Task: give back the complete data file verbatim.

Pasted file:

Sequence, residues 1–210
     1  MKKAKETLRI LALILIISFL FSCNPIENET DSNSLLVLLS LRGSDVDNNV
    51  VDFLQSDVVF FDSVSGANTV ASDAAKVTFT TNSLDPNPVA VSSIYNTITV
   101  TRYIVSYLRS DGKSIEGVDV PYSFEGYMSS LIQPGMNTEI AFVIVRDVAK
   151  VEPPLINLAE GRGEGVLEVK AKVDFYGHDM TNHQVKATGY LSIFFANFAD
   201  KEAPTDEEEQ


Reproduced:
Sequence, residues 1–210
     1  MKKAKETLRI LALILIISFL FSCNPIENET DSNSLLVLLS LRGSDVDNNV
    51  VDFLQSDVVF FDSVSGANTV ASDAAKVTFT TNSLDPNPVA VSSIYNTITV
   101  TRYIVSYLRS DGKSIEGVDV PYSFEGYMSS LIQPGMNTEI AFVIVRDVAK
   151  VEPPLINLAE GRGEGVLEVK AKVDFYGHDM TNHQVKATGY LSIFFANFAD
   201  KEAPTDEEEQ